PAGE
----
With New eFuel, Porsche replaces gasoline with air and water. It is made from carbon dioxide and water.

Porsches Cars and Vehicles are amazingly fast and also consume a lot of gas, but will soon be running on wind and water.

New synthetic fuel created from thin air and water has been used for the first time in a Porsche 911.

As a hedge against having to go all-electric in the zero-carbon future, the automaker invested in a company called Highly Innovative Fuels that developed the eFuel.

An average of 270 days of wind blow on average each year in Punta Arenas, Chile, where the company makes the fuel.

In order to create methane, carbon is captured from the atmosphere and hydrogen is derived from water, resulting in a fuel similar to gasoline.

Almost any gasoline-powered car could use the 911 used to demonstrate it, a Porsche spokesman told a News Agency.

Currently, the pilot plant produces 34,342 gallons per year, but that will increase to 145.3 million by the end of the decade.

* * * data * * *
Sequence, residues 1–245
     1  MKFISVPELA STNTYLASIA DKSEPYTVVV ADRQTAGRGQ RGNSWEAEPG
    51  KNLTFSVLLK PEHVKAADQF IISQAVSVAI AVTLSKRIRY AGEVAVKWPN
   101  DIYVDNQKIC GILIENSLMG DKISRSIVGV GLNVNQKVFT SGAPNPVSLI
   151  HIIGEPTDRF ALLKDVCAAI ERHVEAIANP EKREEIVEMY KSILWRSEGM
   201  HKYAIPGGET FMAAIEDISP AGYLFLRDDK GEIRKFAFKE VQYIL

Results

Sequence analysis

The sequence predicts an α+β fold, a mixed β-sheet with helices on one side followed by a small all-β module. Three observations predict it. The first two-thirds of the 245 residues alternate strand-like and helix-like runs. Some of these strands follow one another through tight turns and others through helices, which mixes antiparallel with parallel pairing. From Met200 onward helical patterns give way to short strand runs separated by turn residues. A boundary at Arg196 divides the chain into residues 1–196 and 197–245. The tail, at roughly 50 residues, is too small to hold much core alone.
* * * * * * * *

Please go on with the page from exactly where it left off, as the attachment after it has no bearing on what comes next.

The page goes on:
By 2026, it will cost less than $8 per gallon per gallon, according to Motor Trend, so Porsche will use it first for special projects, such as the Porsche Mobil 1 Supercup racing series.

This fuel is essentially a net-zero fuel, requiring as much carbon dioxide to manufacture as it emits in its emissions. 

It could therefore be approved for widespread use under future emissions regulations.

For the sake of preserving the performance and aural enjoyment benefits of internal combustion engines, Porsche, other sports car companies, and even Formula One are investigating its implementation.

Lamborghini CEO Stephan Winkelmann said his brand is also interested in developing this e-fuel in a recent interview with a big news agency.

"The legislature needs to decide if there is an opportunity or a window open in the next couple of years for those types of hybrids from the 30s by utilizing synthetic fuel," Winkelmann said.

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